16. The modular storage cart of claim 15 wherein each said steering caster includes a locking cylinder secured to said steering caster, a locking pin selectively engagable and disengagable to said locking cylinder to lock or allow free turning of a swivel bearing for swivelable or unidirectional movement of the caster.

17. The modular storage cart of claim 16 wherein a user operated actuator assembly is carried on said bottom surface of said bottom platform connected to said locking pin on each of said steering casters, said actuator assembly including an actuator arm having a first end, a pivot point attached to said bottom surface of said bottom platform, and a second end, said first end positioned between steering casters, with each said locking pin connected to said first end of said actuator arm via drag links, said second end extending horizontally beyond a distal end of said bottom platform and moveable in a horizontal plane parallel to said bottom platform, whereby movement of said second end of said actuator arm in a first direction withdraws said locking pin from said swivel bearing on each steering caster to allow for swivelable movement of said steering casters and movement of said second end of said actuator arm in a second direction allowing said locking pin to engage said swivel bearing, locking said steering casters in a fixed position.

18. The modular storage cart of claim 1 wherein said top platform includes a drawer secured adjacent said bottom surface thereof, said drawer configured to be moveable between a closed position and an open position, a front face portion of said drawer including a lock mechanism so that the user may secure the drawer in a closed position, said lock mechanism comprised of opposing hooks that engage each other to prevent opening of said drawer, a first hook being secured on said bottom surface of said top platform, and a second hook being pivotably mounted on a front face portion of said drawer, said second hook positioned on a first side of said pivot and a handle secured to said hook on a second side of said pivot.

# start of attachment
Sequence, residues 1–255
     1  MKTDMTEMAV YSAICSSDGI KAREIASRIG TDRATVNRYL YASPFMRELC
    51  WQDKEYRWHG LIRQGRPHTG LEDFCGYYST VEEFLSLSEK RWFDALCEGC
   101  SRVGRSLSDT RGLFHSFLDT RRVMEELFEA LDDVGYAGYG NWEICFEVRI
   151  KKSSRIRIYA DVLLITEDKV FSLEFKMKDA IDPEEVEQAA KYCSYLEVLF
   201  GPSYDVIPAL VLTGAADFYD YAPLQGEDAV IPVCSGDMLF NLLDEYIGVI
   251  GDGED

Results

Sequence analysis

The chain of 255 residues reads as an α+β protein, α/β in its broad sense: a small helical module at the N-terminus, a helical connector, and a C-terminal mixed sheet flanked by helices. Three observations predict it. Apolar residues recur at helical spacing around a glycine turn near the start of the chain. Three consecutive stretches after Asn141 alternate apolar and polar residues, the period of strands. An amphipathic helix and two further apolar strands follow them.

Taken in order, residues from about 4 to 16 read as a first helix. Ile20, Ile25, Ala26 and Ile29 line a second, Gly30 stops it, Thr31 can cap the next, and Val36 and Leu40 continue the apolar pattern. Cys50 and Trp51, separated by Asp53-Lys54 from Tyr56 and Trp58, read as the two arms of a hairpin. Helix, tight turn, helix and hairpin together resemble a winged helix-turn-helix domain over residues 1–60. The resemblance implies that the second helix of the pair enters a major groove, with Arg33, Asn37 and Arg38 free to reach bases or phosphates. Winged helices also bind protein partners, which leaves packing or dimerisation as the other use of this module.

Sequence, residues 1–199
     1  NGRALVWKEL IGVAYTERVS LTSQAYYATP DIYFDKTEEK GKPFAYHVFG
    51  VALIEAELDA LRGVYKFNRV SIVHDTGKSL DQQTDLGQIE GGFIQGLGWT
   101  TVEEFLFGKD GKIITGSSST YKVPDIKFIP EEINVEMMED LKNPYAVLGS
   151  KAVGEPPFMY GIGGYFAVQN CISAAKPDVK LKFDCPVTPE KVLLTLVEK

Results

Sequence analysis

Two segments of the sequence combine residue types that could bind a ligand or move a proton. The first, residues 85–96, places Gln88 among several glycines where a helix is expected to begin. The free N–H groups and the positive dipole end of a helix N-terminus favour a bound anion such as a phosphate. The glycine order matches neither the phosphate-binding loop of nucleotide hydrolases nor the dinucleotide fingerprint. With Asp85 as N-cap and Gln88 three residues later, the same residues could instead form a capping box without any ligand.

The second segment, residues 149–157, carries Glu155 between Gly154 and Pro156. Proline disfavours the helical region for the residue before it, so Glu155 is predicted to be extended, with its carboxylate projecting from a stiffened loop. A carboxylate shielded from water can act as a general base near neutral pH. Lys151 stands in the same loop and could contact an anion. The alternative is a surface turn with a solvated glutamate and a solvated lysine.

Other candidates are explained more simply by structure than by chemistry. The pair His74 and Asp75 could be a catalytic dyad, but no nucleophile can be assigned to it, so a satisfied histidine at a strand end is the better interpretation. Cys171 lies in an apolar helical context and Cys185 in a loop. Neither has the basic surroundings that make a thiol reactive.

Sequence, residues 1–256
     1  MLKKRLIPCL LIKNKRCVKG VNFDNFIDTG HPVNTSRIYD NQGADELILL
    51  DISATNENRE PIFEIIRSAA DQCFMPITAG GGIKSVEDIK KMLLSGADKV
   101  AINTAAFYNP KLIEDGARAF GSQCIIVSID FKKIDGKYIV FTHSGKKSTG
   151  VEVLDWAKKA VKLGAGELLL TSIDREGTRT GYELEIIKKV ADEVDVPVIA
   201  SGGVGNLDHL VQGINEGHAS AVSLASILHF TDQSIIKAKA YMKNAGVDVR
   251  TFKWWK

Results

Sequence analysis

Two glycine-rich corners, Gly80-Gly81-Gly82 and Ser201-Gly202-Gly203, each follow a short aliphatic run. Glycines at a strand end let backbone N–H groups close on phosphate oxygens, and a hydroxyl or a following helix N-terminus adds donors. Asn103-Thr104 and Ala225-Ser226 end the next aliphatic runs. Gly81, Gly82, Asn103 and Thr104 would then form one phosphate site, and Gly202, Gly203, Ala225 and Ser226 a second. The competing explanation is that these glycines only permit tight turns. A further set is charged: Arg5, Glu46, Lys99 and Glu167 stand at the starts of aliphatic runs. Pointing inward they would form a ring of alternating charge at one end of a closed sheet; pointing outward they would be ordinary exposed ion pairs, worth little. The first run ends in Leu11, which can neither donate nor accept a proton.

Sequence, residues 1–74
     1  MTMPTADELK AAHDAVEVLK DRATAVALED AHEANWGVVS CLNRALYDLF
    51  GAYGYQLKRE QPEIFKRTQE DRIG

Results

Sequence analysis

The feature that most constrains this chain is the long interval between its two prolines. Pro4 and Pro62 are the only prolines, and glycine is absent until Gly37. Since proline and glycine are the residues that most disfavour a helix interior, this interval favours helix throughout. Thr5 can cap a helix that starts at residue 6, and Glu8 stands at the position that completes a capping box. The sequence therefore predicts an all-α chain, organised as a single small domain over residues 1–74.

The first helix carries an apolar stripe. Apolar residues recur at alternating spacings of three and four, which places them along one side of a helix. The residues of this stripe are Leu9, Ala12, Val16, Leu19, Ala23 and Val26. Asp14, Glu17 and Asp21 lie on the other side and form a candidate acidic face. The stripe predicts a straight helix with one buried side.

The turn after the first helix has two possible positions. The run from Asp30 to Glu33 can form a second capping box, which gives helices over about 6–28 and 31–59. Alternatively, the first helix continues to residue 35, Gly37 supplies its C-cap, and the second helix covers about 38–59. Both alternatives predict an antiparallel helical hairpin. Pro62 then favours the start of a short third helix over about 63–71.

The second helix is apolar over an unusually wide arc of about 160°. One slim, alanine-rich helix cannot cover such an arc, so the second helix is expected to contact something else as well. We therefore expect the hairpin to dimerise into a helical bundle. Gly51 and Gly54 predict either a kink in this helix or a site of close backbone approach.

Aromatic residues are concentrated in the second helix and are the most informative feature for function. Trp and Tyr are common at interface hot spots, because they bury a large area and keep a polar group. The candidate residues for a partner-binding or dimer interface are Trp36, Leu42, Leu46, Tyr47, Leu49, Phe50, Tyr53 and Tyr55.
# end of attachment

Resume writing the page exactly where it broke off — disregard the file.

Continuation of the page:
19. A modular utility cart comprising:

a bottom platform, said bottom platform including a bottom surface and a top surface, said bottom surface including a plurality of casters secured thereto to provide movement to said modular utility cart;
a plurality of support posts each having a bottom end and a top end, said bottom end of each said support post secured to said top surface of said bottom platform, wherein said support posts include a pair of first support posts and a pair of second support posts, wherein said top end of said first and said second support posts include at least one integrally formed intermeshing key, said intermeshing keys interlocking with conjugately shaped sockets formed into said bottom surface of a top platform, wherein said first set of support posts are attached at a front end of said utility cart, said second set of support posts are attached at a back end of said utility cart, and wherein said first set of support posts are V-shaped when viewed from the top, having a radiused or beveled outer corner including a plurality of open notches along the length of each surface thereof and a plurality of cross braces for structural integrity, said cross braces also constructed and arranged to function as shelving supports that provide variable spacing for user configuration; and